Sylvio puts an emphasis on atmosphere, creating horror more through storytelling and exploration than a true sense of danger. It is one of those titles that makes great use of sound and as such is best experienced in a dark room with an ideal audio situation (headset or surround sound). When the game is played this way, it is an interesting, creepy experience that horror fans should enjoy despite some of the game's limitations.
First released on Steam back in the middle of 2015, Sylvio was one of those titles that banked heavily on a unique concept to help gamers immerse themselves despite a somewhat weak graphics engine. Even when Sylvio first came out then, the visuals were marginal at best. They got the job done, crafting a dark, dank world that plays in shades of red, brown and black the majority of the time. This creates a foreboding atmosphere despite some inconsistent textures and graphics that feel somewhat dated currently.
Despite the somewhat lackluster visual presentation, the audio really shines here - which is a necessary component given the title's structure. We follow Juliette Waters, a local woman who relies on EVP (electronic voice phenomenon - something that shows up in quite a few horror movies or shows) to hear voices in the darkness and mist. The location is a somewhat barren one - whether completely by design or a result of the aforementioned visuals I'm uncertain, but it works well enough. The location is an abandoned family park that was shut down after a landslide that took place back in the early 70's. There is of course far more to the story than just a natural disaster, and that is the crux of what Juliette is up to in her adventure.
Juliette herself is a mostly well-voiced character. This is key since you are in her shoes throughout the game, and her soft, raspy voice (though perhaps at times just a little too softly spoken) fits the character and made a unique impression on me. While she is well-articulated and her dialog is generally good, there were times when the voice actress did not seem to be showing a great deal of emotion. This is meant to be a strenuous, frightening experience and there were a handful of times that the delivery of Juliette's lines let me down just a little on this front. Thankfully, these moments were the exception and not the rule.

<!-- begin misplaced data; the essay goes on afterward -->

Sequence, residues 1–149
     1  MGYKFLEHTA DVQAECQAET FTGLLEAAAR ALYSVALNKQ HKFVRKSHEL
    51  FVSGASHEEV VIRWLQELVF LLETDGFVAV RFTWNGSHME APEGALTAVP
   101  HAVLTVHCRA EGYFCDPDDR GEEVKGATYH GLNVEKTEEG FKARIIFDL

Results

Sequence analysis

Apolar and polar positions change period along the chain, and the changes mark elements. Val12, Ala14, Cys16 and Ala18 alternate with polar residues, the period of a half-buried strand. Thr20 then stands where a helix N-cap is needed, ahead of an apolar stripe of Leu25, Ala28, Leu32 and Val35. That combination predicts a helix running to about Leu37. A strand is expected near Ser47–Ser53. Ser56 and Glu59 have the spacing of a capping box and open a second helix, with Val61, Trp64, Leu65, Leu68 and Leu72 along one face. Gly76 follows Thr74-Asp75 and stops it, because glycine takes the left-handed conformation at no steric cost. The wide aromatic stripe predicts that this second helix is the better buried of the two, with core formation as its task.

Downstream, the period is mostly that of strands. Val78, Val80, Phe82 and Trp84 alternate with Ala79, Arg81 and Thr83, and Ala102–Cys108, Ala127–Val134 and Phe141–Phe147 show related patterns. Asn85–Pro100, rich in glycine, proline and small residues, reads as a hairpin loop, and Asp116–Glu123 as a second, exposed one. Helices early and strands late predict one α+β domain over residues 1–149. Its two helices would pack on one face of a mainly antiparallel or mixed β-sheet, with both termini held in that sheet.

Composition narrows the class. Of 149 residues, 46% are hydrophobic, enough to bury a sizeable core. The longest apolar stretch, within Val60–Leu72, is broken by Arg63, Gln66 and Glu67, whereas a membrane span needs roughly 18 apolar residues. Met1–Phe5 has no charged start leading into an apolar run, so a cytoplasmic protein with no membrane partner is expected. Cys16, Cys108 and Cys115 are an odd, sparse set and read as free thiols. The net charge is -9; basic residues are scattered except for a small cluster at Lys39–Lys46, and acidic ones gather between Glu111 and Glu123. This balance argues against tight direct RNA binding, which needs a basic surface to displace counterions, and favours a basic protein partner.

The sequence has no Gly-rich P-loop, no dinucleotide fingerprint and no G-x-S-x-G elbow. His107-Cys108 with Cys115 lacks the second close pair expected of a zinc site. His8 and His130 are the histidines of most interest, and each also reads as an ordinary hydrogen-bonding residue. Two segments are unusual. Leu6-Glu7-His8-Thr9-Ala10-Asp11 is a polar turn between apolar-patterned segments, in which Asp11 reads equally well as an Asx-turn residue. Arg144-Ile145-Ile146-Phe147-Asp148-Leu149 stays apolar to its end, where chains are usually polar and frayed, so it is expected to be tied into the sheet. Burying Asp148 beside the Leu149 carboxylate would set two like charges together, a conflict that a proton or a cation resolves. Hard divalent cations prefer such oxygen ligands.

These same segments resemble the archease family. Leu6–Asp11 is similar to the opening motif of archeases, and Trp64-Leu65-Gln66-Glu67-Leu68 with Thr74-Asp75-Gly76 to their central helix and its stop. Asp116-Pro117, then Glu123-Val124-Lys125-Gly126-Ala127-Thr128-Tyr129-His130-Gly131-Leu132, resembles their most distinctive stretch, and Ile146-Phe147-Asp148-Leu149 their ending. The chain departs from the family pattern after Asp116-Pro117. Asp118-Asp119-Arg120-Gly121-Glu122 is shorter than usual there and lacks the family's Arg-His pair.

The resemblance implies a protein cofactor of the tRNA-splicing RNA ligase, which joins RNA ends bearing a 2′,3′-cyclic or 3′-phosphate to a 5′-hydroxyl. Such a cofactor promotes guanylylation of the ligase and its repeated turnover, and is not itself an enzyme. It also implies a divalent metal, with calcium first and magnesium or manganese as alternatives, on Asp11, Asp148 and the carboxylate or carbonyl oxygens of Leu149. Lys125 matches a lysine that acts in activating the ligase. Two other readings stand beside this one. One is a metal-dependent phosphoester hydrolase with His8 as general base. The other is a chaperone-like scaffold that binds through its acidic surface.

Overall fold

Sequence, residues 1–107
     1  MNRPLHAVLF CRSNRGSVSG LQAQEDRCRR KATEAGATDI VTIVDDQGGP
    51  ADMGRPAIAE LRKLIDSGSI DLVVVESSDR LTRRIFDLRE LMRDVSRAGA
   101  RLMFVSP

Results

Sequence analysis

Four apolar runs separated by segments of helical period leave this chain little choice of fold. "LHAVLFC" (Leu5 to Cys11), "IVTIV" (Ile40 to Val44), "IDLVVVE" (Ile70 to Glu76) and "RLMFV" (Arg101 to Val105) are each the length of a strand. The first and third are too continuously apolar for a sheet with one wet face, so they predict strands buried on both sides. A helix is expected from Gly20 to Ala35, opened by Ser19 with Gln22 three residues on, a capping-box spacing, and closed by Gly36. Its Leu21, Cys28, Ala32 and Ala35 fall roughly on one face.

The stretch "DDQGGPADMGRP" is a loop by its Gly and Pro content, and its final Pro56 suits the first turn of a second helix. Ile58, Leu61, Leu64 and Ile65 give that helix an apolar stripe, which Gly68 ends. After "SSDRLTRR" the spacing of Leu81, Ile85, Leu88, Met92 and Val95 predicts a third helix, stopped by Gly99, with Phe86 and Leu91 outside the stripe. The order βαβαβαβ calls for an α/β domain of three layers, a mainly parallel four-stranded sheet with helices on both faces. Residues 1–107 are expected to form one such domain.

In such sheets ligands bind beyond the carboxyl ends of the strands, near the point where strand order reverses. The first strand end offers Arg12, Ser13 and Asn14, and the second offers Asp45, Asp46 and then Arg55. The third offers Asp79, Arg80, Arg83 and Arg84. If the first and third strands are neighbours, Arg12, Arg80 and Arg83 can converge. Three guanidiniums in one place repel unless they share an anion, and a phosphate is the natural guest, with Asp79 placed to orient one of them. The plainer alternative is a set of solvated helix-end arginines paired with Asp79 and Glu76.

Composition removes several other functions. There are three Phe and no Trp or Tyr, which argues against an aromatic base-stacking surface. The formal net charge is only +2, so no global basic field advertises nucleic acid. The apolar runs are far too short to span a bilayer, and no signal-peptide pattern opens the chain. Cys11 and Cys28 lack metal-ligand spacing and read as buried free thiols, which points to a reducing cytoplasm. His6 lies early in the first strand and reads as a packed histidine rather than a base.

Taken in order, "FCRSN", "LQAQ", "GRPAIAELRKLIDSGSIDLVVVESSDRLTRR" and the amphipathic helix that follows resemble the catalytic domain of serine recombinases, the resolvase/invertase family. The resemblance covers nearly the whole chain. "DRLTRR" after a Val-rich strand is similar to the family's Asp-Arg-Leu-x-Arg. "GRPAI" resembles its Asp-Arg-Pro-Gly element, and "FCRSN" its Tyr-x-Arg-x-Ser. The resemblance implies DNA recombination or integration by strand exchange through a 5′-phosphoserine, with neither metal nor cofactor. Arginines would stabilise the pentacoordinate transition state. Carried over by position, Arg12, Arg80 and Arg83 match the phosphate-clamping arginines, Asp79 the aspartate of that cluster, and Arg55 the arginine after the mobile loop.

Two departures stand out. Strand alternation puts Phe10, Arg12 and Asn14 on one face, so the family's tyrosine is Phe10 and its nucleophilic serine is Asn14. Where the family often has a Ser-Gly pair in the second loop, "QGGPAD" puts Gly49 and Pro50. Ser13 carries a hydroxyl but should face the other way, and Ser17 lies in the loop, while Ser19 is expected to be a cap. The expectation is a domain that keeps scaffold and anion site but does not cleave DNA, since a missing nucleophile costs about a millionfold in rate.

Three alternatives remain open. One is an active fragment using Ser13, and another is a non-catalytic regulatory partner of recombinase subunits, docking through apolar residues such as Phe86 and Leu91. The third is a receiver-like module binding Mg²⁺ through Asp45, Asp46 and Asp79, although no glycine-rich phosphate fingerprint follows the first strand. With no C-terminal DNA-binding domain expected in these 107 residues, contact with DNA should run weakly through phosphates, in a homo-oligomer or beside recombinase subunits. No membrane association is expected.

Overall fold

This is a game focused then on the paranormal - following Juliette as she tries to piece together the true mystery around what happened as she moves around the park on foot and by car. There is a good deal of exploration here, which is something of a mixed bag. I enjoyed the freedom to explore, but you really need to listen to the audio to pick up on points of interest. There is not a ton of direction or hand-holding here, which is nice because it allows Sylvio to deliver some unexpected spookiness. At the same time, this is a video game and it can be somewhat frustrating to get 'stuck' trying to figure out where you need to head next.
Sylvio is not a walking simulator however, as there are some dark, eerie shapes to be encountered during your time at the park. Juliette is armed with an airgun that you power with cans scattered about the environment. Everything about the shooting portion is incredibly basic and not really interesting at all. I understand the desire to have Sylvio be more than just a walking simulator with no challenge, but I'm not sure that this bare bones method of combat is the right answer either. It was not something that really adds any depth to the experience.
The mechanic that fares far better is the garbled messages Juliette records along the way. You have to manipulate them in a variety of different ways (reverse them, slow them down, etc) to reveal other aspects of the stage. Essentially you find and decrypt the messages scattered about and once you get through the early growing pains associated with learning how Sylvio wants you to play out your roughly dozen hours, the slow burn is a generally enjoyable one.
Sylvio won't be for everyone. Because the combat is so thin and the pace so slow, truly terrifying scares are not as common as I would have hoped. While there is psychological horror here, Sylvio feels more akin to a puzzle game in the end than a horror one. The atmosphere is fantastic and the audio design is largely responsible for it. Kudos for putting together an interesting mystery with a unique gameplay mechanism that help Sylvio rise above some of its faults.
Provided by Publisher
Article by Nick